“American Nirvana,” by Adam Gopnik. The New Yorker, August 7 & 14, 2017.

I don’t recommend this article to everyone. Adam Gopnik is a prolific staff writer for The New Yorker, and has a great mind, but a mind often too great for most of us. When I saw he wrote this article, I knew I had to read it, but also that I had much work ahead.

The article is a book review of Why Buddhism Is True, by Robert Wright, but he mentions several other books on Buddhism for comparison and additional insight. I understand Buddhism is of limited interest, so I will only mention two gems that got my attention.

He admits he is not flexible enough to meditate in the lotus position, but:

Meditation, even the half-assed kind, does remind us of how little time we typically spend in the moment. Simply to sit and breathe for twenty-five minutes, if only to hear cars and buses go by on a city avenue—listening to the world rather than to the frantic non sequitur of one’s “monkey mind,” fragmented thoughts and querulous moods racing each other around—can imitate the possibility of a quiet grace in the midst of noise. . . . (Yet many sounds of seeming serenity–birds singing, leaves rustling—are actually the sounds of ceaseless striving. The birds are shrieking for mates; even the trees are reaching insistently toward the sun that sustains them. These are the songs of wanting, the sounds of life.)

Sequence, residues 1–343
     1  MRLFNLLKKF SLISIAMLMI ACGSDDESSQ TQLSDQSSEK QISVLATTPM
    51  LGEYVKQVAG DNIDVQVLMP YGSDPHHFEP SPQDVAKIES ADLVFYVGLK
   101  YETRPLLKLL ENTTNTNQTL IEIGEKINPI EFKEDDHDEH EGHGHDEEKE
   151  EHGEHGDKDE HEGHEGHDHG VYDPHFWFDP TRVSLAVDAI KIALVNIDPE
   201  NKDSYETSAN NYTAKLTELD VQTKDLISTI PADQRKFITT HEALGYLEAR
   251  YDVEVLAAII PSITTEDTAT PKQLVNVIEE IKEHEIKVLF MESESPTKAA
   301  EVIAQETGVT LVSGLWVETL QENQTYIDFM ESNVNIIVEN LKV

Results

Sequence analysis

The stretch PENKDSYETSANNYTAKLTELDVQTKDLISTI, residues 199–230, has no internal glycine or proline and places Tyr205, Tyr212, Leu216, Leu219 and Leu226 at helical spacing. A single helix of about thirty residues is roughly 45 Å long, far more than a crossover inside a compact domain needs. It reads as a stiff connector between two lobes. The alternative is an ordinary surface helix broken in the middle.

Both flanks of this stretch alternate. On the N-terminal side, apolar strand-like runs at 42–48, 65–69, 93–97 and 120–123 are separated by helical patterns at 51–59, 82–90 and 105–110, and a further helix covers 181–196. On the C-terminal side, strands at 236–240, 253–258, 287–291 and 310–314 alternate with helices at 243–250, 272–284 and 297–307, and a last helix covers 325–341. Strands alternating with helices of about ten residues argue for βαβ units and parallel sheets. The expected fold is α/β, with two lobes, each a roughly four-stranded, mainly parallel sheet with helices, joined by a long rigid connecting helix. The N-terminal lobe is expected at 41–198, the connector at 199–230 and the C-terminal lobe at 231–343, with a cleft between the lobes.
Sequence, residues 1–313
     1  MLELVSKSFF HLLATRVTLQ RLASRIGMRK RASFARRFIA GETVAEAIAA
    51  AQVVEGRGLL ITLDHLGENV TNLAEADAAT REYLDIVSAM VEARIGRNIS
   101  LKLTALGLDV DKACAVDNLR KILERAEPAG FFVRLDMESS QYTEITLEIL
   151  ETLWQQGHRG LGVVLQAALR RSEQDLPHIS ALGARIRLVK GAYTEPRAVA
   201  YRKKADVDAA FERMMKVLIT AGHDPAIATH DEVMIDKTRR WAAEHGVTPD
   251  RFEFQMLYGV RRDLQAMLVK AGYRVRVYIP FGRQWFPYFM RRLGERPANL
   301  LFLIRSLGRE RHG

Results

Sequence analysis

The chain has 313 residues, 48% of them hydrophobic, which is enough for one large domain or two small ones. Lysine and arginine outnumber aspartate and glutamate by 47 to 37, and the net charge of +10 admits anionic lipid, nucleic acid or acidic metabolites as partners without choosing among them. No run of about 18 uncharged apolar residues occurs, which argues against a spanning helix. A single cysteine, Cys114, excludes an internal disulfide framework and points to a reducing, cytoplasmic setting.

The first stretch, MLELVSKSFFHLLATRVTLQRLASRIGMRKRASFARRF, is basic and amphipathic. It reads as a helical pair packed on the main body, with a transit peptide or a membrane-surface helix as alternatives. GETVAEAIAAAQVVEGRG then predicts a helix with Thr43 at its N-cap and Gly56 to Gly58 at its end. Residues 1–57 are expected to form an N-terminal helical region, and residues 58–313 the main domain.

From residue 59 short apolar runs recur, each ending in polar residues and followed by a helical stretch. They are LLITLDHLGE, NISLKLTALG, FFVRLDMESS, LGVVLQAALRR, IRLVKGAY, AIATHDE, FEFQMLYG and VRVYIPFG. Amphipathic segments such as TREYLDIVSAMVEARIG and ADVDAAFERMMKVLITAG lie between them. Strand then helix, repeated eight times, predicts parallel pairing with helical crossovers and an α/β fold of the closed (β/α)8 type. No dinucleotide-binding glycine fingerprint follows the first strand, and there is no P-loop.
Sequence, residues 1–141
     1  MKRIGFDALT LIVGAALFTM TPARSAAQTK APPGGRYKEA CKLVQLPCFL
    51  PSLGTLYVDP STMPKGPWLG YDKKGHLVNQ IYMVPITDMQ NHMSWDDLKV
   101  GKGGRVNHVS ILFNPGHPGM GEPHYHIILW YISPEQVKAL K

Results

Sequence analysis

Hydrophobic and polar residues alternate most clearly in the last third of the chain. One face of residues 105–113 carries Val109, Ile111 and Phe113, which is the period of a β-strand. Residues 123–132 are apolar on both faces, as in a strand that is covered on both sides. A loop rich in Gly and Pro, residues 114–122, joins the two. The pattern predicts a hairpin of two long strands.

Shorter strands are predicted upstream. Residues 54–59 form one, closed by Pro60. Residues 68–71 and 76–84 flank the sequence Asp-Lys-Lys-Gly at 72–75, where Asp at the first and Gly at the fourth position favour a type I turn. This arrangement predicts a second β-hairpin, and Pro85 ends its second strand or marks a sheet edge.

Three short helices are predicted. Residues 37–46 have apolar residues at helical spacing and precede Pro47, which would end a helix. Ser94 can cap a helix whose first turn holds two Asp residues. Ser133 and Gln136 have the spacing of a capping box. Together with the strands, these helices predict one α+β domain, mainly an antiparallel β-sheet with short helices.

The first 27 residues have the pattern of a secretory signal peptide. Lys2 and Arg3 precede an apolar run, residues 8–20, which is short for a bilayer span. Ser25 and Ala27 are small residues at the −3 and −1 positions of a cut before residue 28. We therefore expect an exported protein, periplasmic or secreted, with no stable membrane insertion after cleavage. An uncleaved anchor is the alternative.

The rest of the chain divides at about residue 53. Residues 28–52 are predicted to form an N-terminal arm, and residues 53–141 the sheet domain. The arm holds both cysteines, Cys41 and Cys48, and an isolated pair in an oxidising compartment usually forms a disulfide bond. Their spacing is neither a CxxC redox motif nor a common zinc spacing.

And another gem. To the common challenge that science, too, is ultimately based on faith:

Is it fair to object that most of us take quantum physics on faith, too? Well, we don’t take it on faith. We take it on trust, a very different thing. We have confidence—amply evidenced by the technological transformation of the world since the scientific revolution, and by the cash value of validated predictions based on esoteric mathematical abstraction—that the world picture it conveys is true, or more nearly true than anything else on offer. Batchelor [author of another book Gopnik scrutinizes] tap-dances perilously close to the often repeated absurdity that a highly credulous belief about supernatural claims and an extremely skeptical belief about supernatural claims  are really the same because they are both beliefs.



About Roger Walck

My reasons for writing this blog are spelled out in the posting of 10/1/2012, Montaigne's Essays. They are probably not what you think.
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